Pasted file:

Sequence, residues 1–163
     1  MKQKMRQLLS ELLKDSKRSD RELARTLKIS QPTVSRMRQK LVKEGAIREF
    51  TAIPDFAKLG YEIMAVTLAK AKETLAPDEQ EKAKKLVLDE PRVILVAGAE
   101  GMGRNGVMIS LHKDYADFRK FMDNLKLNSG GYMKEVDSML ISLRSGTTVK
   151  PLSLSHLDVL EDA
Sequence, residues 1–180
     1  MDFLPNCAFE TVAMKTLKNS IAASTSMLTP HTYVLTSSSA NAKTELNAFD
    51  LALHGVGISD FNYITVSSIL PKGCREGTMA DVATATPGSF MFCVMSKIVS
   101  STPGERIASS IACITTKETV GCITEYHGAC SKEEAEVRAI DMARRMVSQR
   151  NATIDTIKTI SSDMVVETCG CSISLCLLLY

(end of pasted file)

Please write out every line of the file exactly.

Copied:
Sequence, residues 1–163
     1  MKQKMRQLLS ELLKDSKRSD RELARTLKIS QPTVSRMRQK LVKEGAIREF
    51  TAIPDFAKLG YEIMAVTLAK AKETLAPDEQ EKAKKLVLDE PRVILVAGAE
   101  GMGRNGVMIS LHKDYADFRK FMDNLKLNSG GYMKEVDSML ISLRSGTTVK
   151  PLSLSHLDVL EDA
Sequence, residues 1–180
     1  MDFLPNCAFE TVAMKTLKNS IAASTSMLTP HTYVLTSSSA NAKTELNAFD
    51  LALHGVGISD FNYITVSSIL PKGCREGTMA DVATATPGSF MFCVMSKIVS
   101  STPGERIASS IACITTKETV GCITEYHGAC SKEEAEVRAI DMARRMVSQR
   151  NATIDTIKTI SSDMVVETCG CSISLCLLLY